George Stranahan didn’t need to work a day in his life, being an heir to the Champion Spark Plug fortune.
But this plain-spoken millionaire with a rebel agenda rejected a life of leisure.
Instead, the colorful Stranahan became an unconventional businessman—a guy who jumps into a venture not so much to make a buck but to have a good time or to promote a social or political cause.
In his 75 years, he’s been an award-winning cattle rancher, a pioneering microbrewery owner, a successful restaurant proprietor, and the man who bankrolled a legendary outdoor magazine. That’s just a sampling.
“George has the entrepreneurial gene,” said Jim Caruso, chairman of Flying Dog Brewery, the Denver microbrewery Stranahan founded in 1994.
“George could have just coasted and been a playboy. He’s never rested on the fortune he inherited.”
But Stranahan—whose name graces the bottle of a super-premium whiskey—denies he’s a businessman.
Sure, he founded Flying Dog, a business that has become the Rocky Mountain region’s No. 2 craft brewer.
Yet Stranahan didn’t get into beer to make money. He loves beer. And he uses Flying Dog’s edgy labels to spread a message his deceased neighbor and pal Hunter S. Thompson preached: “Challenge authority!”
And, yes, Stranahan founded the popular Woody Creek Tavern in 1980. But as Stranahan puts it, he started the tavern to give locals a place to socialize – and he later repurchased it because the new owner was dying and needed money for cancer treatment.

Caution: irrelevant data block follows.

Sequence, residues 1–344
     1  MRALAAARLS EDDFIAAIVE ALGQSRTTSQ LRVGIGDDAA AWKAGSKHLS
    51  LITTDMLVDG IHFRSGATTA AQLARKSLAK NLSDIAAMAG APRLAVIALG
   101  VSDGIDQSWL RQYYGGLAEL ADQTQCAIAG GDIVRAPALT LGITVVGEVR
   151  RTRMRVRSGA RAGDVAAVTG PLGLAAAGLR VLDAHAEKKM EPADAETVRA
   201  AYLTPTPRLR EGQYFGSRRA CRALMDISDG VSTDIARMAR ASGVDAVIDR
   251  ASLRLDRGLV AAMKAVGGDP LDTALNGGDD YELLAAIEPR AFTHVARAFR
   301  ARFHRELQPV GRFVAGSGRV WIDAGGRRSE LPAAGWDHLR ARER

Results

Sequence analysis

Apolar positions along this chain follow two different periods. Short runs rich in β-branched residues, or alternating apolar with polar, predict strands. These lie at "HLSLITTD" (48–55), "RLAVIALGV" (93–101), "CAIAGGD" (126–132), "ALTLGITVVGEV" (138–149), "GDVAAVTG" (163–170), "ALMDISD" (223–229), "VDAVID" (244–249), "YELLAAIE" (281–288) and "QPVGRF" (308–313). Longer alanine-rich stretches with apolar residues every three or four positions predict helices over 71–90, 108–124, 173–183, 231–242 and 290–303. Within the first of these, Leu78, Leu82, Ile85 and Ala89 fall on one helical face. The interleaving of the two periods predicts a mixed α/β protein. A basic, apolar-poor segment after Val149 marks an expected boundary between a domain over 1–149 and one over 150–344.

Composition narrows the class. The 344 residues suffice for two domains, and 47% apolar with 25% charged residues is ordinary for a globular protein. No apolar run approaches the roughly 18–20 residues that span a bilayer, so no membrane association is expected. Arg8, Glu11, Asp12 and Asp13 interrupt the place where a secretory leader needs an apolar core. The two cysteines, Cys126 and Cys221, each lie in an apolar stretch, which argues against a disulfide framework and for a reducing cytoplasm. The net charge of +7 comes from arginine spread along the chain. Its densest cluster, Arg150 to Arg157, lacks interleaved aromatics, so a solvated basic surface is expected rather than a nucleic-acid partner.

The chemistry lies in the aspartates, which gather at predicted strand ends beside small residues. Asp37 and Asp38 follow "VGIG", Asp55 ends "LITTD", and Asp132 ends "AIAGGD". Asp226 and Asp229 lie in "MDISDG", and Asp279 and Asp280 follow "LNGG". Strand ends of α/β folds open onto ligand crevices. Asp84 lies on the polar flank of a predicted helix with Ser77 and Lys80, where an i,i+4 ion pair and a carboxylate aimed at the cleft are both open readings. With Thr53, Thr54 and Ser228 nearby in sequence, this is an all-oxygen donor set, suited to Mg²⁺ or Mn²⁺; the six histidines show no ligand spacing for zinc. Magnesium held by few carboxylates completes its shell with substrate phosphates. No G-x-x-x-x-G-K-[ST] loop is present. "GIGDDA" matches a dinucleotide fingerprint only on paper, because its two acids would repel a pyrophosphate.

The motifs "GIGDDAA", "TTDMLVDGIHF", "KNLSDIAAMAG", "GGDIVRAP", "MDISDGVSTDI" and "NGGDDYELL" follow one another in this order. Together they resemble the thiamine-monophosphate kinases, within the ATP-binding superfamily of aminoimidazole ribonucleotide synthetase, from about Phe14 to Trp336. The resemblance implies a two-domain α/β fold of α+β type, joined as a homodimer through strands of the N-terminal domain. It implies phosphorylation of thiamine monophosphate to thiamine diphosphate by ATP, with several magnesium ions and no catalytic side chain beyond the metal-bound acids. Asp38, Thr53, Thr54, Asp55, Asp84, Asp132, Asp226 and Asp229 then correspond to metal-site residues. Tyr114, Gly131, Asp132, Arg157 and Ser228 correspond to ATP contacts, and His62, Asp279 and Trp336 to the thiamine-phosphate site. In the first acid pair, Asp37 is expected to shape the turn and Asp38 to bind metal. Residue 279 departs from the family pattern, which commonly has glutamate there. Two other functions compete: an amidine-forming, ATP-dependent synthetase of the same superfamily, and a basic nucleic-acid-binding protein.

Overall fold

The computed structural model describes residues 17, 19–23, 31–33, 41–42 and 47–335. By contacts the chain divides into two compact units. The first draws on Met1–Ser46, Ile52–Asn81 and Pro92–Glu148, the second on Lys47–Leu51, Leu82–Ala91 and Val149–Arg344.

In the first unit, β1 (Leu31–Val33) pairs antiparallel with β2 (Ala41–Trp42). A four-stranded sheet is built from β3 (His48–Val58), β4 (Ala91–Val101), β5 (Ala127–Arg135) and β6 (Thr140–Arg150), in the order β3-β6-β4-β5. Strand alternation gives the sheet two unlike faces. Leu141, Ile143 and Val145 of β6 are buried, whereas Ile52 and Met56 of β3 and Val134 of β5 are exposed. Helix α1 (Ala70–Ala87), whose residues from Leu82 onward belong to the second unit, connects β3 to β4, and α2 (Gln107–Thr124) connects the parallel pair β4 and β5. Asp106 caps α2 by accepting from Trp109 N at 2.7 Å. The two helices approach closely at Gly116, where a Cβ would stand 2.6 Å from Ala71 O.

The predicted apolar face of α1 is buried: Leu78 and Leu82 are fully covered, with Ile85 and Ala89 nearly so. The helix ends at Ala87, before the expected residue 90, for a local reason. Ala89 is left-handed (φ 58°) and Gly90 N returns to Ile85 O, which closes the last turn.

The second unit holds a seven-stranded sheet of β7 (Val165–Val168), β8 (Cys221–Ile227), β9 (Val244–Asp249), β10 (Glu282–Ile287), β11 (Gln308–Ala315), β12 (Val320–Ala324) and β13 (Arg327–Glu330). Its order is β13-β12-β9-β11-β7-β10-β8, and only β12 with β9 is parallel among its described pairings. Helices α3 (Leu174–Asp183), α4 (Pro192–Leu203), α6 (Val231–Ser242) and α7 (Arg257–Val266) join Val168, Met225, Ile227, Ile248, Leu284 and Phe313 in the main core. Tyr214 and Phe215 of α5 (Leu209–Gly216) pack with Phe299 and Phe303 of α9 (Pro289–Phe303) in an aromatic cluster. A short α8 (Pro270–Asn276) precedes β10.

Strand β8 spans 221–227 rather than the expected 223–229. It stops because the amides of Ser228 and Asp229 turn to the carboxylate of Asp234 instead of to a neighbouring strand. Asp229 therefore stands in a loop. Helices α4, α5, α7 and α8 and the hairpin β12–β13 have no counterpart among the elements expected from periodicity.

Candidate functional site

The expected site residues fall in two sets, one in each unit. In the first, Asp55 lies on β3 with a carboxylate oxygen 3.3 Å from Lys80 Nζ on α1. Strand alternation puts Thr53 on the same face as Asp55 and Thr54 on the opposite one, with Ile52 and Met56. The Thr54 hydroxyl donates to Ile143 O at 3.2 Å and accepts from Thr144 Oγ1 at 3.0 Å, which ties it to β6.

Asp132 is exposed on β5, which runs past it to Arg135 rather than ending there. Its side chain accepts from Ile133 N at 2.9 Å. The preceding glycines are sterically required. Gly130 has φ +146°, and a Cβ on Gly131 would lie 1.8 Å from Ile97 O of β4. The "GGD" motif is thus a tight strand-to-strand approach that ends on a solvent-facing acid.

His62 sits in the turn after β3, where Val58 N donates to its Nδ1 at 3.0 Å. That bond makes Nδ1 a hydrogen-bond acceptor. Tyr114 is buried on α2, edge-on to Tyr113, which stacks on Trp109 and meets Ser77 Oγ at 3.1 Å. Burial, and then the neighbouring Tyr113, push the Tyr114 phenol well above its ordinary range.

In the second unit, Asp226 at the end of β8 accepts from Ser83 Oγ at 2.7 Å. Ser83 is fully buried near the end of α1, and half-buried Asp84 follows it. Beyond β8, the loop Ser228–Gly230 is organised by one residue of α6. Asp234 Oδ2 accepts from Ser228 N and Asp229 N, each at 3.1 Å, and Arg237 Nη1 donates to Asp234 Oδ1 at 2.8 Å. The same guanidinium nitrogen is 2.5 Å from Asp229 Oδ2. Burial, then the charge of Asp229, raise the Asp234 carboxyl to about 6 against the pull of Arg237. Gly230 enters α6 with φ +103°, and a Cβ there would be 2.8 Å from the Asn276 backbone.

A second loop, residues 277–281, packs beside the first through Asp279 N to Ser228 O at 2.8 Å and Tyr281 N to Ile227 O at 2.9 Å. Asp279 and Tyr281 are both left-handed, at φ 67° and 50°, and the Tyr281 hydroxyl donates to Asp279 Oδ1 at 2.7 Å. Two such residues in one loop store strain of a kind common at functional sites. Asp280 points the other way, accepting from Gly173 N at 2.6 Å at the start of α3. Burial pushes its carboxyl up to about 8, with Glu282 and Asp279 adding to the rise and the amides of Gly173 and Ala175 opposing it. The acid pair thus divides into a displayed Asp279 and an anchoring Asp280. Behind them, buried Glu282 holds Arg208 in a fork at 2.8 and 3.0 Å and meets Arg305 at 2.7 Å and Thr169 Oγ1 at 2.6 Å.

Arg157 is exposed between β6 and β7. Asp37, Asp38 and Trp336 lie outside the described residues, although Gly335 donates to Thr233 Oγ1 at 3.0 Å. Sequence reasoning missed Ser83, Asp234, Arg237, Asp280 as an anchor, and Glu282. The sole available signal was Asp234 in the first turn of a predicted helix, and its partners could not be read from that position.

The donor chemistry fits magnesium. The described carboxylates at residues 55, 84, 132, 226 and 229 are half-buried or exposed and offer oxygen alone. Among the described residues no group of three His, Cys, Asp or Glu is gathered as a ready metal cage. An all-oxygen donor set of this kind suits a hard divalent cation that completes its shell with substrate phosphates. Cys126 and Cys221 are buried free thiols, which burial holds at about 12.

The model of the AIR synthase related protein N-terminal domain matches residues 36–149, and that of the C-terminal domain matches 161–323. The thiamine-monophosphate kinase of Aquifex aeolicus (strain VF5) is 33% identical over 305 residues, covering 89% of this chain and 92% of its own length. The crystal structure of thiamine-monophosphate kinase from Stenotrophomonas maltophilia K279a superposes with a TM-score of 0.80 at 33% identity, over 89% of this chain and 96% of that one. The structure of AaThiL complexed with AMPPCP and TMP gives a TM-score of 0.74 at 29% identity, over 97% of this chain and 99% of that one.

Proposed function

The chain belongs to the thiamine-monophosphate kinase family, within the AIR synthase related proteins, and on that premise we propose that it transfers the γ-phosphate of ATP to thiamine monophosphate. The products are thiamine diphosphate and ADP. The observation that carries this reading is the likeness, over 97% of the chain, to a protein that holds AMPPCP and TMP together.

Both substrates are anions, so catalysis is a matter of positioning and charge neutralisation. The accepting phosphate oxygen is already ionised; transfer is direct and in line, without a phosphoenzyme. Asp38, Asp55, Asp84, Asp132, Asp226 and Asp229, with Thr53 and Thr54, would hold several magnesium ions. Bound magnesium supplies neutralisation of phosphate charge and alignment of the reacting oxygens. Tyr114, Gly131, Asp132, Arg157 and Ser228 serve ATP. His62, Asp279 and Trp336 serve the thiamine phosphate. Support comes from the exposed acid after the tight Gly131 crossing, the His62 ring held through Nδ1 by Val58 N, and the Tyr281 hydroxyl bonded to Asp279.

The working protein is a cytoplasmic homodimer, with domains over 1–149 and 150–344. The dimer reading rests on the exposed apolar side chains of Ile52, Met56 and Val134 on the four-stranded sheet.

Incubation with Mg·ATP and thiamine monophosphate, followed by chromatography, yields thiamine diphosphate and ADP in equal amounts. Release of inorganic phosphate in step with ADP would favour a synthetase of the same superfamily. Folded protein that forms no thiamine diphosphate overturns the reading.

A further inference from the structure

“I’ve ended up doing a lot of businesses. But it was sort of incidental to some sort of social or political purpose,” said Stranahan, a physicist by training.
He doesn’t want to lose money. But his mantra would make capitalism’s guru, Adam Smith, wince:
“Do good. If you make money, God bless! That’s more fun even.”
Stranahan, to be sure, has invested in losers.
Denver Mayor John Hickenlooper, a one-time Stranahan business partner, links Stranahan’s business savvy to the man being “just continuously curious.”
In 1959, he proposed what has become the world-renowned Aspen Center for Physics. The high-powered schmoozefest draws about 500 top physicists who talk—what else?—physics each summer.
Stranahan raised beef cattle, including a Limousin bull, W.L.C.C. Turbo, declared the grand champion at the 1990 National Western Stock Show in Denver.
And he published the Mountain Gazette in the 1970s. The magazine, recently revived with his aid, printed such writers as Edward Abbey and Wendall Berry.
Stranahan was born in Toledo, Ohio, in 1931. His grandfather, Frank Stranahan, co-founded Champion Spark Plug in 1903. One of six kids, young George was a loner. His father was busy at the spark plug business. His mother often attended charitable functions and did volunteer work.
The adults puttering about the Stranahan home in a Toledo suburb were the gardener, the cook and the nurse. Stranahan disliked being called “Master George.”
“I copped an attitude about privilege,” Stranahan said.
Saying no to privilege
School reinforced that. He was sent to an elite Eastern prep school, the Hotchkiss School. Founded in 1891, the 810-acre campus in rural western Connecticut today boasts a golf course, two lakes and a forest.
Alumni include auto magnate Henry Ford II and Time Inc. founder Henry R. Luce. But it wasn’t for Stranahan.
“I didn’t like the elite. I didn’t like the Eastern kind of snobbishness. I didn’t like the sense of privilege of everybody there,” Stranahan said.
As a youngster, Stranahan loved the mountains and science. Sitting in his bedroom, he’d thumb through books with photos of the Himalayas and the Alps.